they came, they ate, they painted, they left

 Memorial Day is a kind of trial run for the summer. Everything that can shakedown, does—with just enough time to fix it all before The Guests Them. Or not. At least there's time to make signs warning them about all the dangers that have been caused by our "improvements."
   And then the rels leave, and it's me and the last laundry til October. The whole island takes a breather until the weekends and then the massive invasion end of June.



All was better than broom clean for the two-wave invasion. The first tenants arrive in a week. But first—the family.


magic morning

After a day of rain and a sudden warmth of sun, the dew and the fog were heavy. Edie asked if i could come over to her beautiful old house (her grandfather built it and a year or so later got married—"he got the cage before he got the canary," she says) to take pictures of her tree peony. It was fully flowered—better late than never—and a gorgeous color.


soft opening

The weather is still chilly, so the waiters at the Oar let down the shades.

Roberta and I enjoyed a lady's lunch at the Oar.
 Block island is prepping for the coming weekend. Wait staffs are in training, carpenters are hammering, painters are touching up, cottagers are cleaning for the rental season, crews are trying to finish the lines for the wind farm and the stairs over the dunes.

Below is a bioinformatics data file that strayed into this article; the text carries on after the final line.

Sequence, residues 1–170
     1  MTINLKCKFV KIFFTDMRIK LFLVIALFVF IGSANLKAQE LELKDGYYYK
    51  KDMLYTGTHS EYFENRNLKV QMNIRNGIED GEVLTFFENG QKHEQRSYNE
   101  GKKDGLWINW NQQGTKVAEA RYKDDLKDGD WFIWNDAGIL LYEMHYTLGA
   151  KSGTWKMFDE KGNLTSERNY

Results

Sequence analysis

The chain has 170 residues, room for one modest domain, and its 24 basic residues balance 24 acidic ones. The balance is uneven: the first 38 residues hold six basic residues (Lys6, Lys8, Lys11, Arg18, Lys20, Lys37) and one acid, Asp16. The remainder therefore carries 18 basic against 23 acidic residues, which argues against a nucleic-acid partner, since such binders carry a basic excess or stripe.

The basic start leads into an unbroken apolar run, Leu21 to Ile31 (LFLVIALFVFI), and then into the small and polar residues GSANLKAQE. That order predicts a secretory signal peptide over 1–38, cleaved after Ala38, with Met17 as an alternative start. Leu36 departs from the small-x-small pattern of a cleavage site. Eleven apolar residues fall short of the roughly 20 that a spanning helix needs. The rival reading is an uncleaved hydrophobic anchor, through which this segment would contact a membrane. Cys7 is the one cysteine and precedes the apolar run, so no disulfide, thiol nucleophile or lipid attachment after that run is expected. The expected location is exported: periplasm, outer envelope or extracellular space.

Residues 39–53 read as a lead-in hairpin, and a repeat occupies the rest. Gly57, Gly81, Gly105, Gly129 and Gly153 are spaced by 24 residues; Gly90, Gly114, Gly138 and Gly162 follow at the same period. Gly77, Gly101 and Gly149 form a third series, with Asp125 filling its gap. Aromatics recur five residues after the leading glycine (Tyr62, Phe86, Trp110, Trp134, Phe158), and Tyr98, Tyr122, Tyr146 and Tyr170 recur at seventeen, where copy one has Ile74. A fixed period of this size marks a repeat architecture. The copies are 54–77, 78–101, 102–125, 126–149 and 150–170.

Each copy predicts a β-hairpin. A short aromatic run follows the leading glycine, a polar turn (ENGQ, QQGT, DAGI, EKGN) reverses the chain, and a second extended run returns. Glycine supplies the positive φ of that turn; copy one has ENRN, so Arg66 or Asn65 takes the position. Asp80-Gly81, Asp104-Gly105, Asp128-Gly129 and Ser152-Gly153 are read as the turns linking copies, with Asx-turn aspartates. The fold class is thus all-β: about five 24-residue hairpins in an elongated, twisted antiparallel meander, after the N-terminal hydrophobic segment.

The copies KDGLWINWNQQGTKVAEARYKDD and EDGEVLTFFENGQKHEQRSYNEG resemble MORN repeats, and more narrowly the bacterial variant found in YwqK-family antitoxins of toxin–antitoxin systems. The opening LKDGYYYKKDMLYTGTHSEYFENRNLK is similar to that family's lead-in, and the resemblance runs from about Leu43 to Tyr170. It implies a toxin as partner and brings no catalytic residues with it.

And Islanders are checking out the new season's just-opened restaurants. Me, I stuck with the sushi at the Oar and the last free clam night at the Yellow Kittens. And one night the thought "ice cream!" popped into my head. Maybe Aldo's is open, I thought. Drove down to town and not only was Aldo's open for the first time, it was free ice cream night. Ah, some people are the fortunate ones.
The Yellow Kittens is still deserted but for a gaggle of old-timers clustered around free clams at the bar.


the graduates

I love this picture of my beautiful niece, Madison, and her childhood friend, Nathan, going off to the prom. So many years, and still friends. Graduating from high school. Oh my!
   Then there's nephew Noah. He was helping me put down hay bales to build Hannah's Hideaway nine or ten years ago. And now, as of yesterday, he is a college grad.
  Mazel to all!


sunset over the compound

From left: Hannah's; Claudia's; John's Big Barn, Little Barn, Big House and Kite Store; Douglas's Little Brown Jug and shed (rear).

Former tool shed behind the Kite Store, emptied
 When Mr. Hopkins died and we bought the place, the four buildings on the right were all there was—the big house Hoppy had moved to that spot, the kite shop, which he had left to his mistress, the little house by the tidal pond where Douglas and I lived and Douglas's shed, site of the first Claudia's Surf City. That was 1980.
John had vision, and he dug a pond and built and helped us build. Douglas built Claudia's and Claudia built Hannah's, and here we are—until last month, when John sold the tiny corner of the property that has the Big House and the Kite Store. Not visible in this aerial are the two brand new mansions that bracket the former compound (known to the locals with deep political incorrectness as The Gaza Strip). The new owner plans for the Big House to continue as a summer rental. The Kite Store will become a flower shop.
Big House and Kite Store on right, from Claudia's.


license to kill